Prostate Seed Implantation
Prostate seed implantation is a type of low dose rate brachytherapy — radiation placed inside the body as close as possible to the cancer cells — used for prostate cancer. With prostate seed implantation, you can get a higher total dose of radiation to treat a smaller area and in a shorter time than is possible with external radiation therapy.
Advanced radiation therapy delivered with compassion
Prostate seed implantation is one of the advanced radiation therapy treatments available at Cooper — delivered with compassion. From your first appointment to the completion of your care, we will be there to support you and answer all of your questions.
We treat your cancer aggressively, while minimizing the side effects of radiation therapy. Using a state-of-the-art image-based planning system, we precisely locate your tumor and design treatments with pinpoint accuracy. Then we deliver the most effective dose of radiation to your tumor while sparing as much healthy tissue as possible.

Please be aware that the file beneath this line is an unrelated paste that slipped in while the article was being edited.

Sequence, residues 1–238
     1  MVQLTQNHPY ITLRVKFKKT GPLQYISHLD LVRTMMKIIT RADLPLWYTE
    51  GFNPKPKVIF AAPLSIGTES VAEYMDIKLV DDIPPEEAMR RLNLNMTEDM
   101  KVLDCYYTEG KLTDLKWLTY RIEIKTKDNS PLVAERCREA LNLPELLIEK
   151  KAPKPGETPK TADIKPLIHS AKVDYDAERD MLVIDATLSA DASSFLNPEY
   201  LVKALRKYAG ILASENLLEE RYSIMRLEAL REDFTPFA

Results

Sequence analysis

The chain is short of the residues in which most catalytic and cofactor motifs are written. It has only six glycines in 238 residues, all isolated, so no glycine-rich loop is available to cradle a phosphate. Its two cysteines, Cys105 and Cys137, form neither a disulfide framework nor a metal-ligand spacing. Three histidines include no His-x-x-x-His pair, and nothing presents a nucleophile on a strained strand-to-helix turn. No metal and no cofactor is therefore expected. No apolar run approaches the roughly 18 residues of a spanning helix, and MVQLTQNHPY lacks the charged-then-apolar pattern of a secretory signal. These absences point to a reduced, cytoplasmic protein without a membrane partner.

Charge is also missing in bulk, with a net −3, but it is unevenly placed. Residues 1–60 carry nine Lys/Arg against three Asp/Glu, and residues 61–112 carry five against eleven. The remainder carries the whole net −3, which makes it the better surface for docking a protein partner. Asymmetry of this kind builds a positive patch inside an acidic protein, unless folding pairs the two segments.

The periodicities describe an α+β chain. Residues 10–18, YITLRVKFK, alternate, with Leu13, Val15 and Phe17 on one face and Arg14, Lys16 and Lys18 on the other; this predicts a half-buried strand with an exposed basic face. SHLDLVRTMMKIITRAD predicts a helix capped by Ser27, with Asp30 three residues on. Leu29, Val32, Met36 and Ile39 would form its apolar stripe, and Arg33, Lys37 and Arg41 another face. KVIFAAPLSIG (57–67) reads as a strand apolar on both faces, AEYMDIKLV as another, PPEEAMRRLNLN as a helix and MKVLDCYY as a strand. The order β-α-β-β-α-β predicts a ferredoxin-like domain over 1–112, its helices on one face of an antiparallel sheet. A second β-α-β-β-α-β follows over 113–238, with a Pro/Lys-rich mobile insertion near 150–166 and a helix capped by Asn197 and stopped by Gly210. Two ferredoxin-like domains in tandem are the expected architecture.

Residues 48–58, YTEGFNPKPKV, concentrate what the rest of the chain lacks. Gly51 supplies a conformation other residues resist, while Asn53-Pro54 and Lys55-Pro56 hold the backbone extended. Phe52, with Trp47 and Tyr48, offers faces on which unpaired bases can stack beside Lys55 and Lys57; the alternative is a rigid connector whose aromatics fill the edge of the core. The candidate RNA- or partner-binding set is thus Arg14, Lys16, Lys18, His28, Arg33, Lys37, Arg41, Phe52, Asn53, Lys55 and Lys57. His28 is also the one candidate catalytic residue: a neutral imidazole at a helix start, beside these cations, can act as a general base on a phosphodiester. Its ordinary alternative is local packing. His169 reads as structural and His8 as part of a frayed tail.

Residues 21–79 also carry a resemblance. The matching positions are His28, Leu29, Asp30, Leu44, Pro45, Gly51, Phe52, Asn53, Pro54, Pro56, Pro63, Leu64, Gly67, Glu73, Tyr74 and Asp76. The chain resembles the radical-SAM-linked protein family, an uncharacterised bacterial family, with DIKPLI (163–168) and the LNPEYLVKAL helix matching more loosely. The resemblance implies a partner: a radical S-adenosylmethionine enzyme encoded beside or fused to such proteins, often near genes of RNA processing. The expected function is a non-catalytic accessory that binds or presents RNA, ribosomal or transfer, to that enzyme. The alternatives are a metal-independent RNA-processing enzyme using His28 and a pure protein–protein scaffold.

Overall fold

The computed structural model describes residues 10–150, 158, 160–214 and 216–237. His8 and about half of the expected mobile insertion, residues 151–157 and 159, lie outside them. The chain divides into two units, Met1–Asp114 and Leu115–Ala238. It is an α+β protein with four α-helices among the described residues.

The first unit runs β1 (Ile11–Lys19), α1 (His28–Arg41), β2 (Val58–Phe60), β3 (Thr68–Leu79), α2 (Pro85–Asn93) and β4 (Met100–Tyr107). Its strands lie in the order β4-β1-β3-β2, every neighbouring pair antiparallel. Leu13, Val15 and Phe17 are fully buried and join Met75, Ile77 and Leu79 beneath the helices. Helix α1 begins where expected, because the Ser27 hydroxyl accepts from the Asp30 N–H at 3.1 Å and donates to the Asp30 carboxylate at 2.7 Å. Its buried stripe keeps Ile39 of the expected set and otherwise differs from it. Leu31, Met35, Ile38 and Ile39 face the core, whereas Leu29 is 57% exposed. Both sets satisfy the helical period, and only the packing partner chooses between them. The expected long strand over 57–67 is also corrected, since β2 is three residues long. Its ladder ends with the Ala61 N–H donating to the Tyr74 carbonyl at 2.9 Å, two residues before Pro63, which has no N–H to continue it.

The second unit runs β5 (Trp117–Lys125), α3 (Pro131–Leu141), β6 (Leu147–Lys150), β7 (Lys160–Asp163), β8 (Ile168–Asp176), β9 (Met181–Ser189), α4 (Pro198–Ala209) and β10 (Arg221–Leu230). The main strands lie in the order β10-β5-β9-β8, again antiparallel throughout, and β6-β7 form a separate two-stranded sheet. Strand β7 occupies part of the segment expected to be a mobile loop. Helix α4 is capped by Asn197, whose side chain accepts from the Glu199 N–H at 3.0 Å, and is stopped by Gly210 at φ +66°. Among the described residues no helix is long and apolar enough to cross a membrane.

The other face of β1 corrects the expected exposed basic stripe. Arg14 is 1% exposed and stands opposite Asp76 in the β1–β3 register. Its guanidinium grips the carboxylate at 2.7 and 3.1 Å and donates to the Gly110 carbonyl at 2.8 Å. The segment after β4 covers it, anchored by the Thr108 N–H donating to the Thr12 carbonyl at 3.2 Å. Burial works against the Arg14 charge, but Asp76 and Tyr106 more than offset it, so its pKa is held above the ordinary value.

Uses of prostate seed implantation
Prostate seed implantation is used to treat some men with early-stage prostate cancer that is relatively slow growing.
You may also get external radiation therapy along with prostate seed implantation. This is most likely if there is a risk that your cancer has spread outside of the prostate.
How prostate seed implantation works
Prostate seed implantation focuses the radiation in the prostate, causing little radiation damage to the nearby healthy tissue. Small radioactive pellets, called seeds and each about the size of a grain of rice, are placed permanently into your prostate.
The number of seeds used depends on the size of your tumor and your overall health. A radiation physicist and a radiation oncologist decide how many seeds to use and where and how they should be placed.
The seeds are placed inside thin needles, which are inserted through the skin into the prostate. The doctor uses ultrasound images to guide seed placement. This is done in an operating room, using spinal anesthesia (where the lower half of your body is numbed) or general anesthesia (where you’re asleep).
When the needles are removed, the seeds are left in your body. They give off low doses of radiation for weeks or months. Because they are so small, they cause little discomfort. The seeds eventually stop giving off radiation. They don't need to be removed.
Departments Specializing in Prostate Seed Implantation
Departments at Cooper where prostate seed implantation is performed: